Palais Rohan at Strasbourg
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The Strasbourg Bishop’s Palace, designed on the model of the great Parisian townhouses, is considered in France to be one of the architectural masterpieces of the 18th century, both for its noble classical facades and for its sumptuous interior design.

This magnificent building – built, designed and furnished within ten years – has hardly been altered since its construction and is particularly distinguished by its exceptional fidelity to style. In 1889 it housed the city’s Museum of Fine Arts. Then in 1913 followed the Archaeological Museum and in 1924 the Museum of Arts and Crafts.

Tip 4: European Parliament

The choice of Strasbourg as the European capital shortly after the Second World War is not based on chance, but is the symbol of the reconciliation of peoples and the future of Europe.

The European Parliament in the European Quarter is composed of 751 deputies elected every five years by universal suffrage in the 28 countries of the European Union.

European Parliament in Strasbourg
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In 1957, Germany, Belgium, France, Italy, Luxembourg and the Netherlands had signed the Treaties of Rome, which created the EEC (European Economic Community). At that time, the European Parliament had 142 members sent by their national parliaments. In 1992, the Maastricht Treaty established the European Union, giving the European Parliament new powers.

The European Parliament participates in Community legislation, adopts the budget and exercises a general supervisory role; it contributes to the development of political union as well as monetary union.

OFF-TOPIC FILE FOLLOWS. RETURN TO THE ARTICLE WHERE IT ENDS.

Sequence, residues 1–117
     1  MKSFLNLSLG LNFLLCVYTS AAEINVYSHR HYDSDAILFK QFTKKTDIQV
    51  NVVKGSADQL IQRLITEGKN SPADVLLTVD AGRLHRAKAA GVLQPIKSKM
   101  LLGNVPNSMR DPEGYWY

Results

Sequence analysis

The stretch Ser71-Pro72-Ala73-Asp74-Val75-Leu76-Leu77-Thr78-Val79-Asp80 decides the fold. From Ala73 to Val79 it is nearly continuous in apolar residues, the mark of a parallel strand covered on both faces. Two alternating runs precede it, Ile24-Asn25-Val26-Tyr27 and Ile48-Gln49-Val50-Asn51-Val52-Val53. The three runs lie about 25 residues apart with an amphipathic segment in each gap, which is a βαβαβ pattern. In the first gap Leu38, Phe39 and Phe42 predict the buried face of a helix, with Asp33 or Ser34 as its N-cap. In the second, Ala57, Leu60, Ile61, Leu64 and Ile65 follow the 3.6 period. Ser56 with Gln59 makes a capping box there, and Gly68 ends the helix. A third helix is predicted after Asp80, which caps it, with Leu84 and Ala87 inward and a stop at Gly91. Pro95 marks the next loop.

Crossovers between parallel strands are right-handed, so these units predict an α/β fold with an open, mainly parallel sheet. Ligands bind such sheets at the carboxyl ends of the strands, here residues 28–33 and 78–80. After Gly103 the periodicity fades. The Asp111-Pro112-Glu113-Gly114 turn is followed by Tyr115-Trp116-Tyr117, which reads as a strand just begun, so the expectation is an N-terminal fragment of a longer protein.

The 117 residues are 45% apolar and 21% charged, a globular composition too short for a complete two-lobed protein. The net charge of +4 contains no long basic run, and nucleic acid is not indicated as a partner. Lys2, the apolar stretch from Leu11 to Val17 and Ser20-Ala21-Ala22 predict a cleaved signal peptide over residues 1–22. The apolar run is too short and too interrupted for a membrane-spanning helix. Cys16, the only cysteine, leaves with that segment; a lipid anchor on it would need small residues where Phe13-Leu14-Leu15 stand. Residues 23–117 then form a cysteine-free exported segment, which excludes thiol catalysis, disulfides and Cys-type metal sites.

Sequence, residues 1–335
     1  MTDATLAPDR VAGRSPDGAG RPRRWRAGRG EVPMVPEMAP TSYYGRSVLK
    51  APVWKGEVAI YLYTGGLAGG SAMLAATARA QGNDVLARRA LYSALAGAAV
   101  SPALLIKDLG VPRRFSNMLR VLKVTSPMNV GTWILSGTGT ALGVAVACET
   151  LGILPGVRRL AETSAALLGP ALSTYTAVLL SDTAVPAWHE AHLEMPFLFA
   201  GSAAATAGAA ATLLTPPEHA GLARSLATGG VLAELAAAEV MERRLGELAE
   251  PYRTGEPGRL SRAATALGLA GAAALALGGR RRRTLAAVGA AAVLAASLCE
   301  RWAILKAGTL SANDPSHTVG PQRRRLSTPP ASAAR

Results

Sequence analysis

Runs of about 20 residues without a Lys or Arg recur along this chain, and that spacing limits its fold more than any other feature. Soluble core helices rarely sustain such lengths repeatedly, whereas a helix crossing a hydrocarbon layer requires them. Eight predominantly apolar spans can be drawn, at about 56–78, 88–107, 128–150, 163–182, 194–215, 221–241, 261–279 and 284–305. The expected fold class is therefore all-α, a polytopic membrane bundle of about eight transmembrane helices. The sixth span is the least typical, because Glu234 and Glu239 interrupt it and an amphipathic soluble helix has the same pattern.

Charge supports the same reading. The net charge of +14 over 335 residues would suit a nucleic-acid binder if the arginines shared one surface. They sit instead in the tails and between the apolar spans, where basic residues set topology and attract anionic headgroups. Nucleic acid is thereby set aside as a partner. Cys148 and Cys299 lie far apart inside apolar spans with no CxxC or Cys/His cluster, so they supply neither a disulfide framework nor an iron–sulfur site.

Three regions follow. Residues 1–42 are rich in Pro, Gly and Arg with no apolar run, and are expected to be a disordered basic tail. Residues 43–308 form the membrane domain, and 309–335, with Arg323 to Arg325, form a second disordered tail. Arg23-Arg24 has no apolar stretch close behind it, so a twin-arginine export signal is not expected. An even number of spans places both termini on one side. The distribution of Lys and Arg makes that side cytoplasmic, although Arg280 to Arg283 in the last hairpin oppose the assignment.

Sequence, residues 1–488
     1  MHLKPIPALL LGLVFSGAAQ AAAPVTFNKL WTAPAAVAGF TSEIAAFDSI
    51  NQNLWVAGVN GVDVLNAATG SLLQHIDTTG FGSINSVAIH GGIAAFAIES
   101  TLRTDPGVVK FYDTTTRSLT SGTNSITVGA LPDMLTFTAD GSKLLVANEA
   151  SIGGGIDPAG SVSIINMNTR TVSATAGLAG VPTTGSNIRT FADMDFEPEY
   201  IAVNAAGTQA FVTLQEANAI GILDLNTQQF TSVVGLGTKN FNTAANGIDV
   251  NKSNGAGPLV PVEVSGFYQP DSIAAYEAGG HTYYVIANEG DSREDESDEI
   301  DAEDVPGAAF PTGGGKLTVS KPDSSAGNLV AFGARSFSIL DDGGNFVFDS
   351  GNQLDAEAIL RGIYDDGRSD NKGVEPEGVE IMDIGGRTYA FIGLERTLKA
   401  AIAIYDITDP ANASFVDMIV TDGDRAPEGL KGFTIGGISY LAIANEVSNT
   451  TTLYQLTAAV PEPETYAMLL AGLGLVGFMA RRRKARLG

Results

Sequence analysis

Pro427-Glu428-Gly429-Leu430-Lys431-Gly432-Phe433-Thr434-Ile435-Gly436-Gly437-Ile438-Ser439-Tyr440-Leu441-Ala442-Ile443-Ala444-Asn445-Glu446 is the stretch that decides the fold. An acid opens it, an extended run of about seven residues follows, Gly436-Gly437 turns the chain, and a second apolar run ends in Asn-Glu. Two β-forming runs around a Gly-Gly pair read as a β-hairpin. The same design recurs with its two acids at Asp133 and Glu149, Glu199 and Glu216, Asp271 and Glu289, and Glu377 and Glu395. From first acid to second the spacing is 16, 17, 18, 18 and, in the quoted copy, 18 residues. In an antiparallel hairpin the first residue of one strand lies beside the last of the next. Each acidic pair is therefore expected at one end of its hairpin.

The architecture of the building is based on the combination of circle and ellipse. The dome of cedar struts of the plenary hall rises from the monopitch roof of the building. It is visible through the glass and metal facade, which follows the course of the waterfront.

Tip 5: Place Kléber

Kleberplatz is the central square in Strasbourg. Originally called Barfüsserplatz (because of an adjacent Franciscan monastery), then Waffenplatz in the 17th century and finally Kleberplatz since the year 1840, it takes its name from General Jean-Baptiste Kléber, a native of Strasbourg. On June 24 of this year, the monument standing in the middle of the square was inaugurated. It shows him standing upright, holding in his hand the letter in which the English Admiral Keith asked him in vain to surrender the French troops in 1800. Under the monument there is a crypt, which housed Kleber’s coffin in 1838, two years before the monument was inaugurated.

Place Kléber in Strasbourg
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The square is bordered to the north by the Aubette, the former city guardhouse built in the neoclassical style of the 18th century by Blondel. The building houses a former leisure complex furnished in 1928 by the artists Theo van Doesburg, Jean Arp and Sophie Taeuber-Arp, and is sometimes referred to as the Sistine Chapel of contemporary art.

Kleberplatz was the central junction of the former tramway from 1886 until 1960, when it became a large parking lot before being transformed into a pedestrian zone in 1994 by architect Guy Clapot.

The square is often used for large rallies. It plays a central role not only for the people of Strasbourg, but for the entire metropolitan area.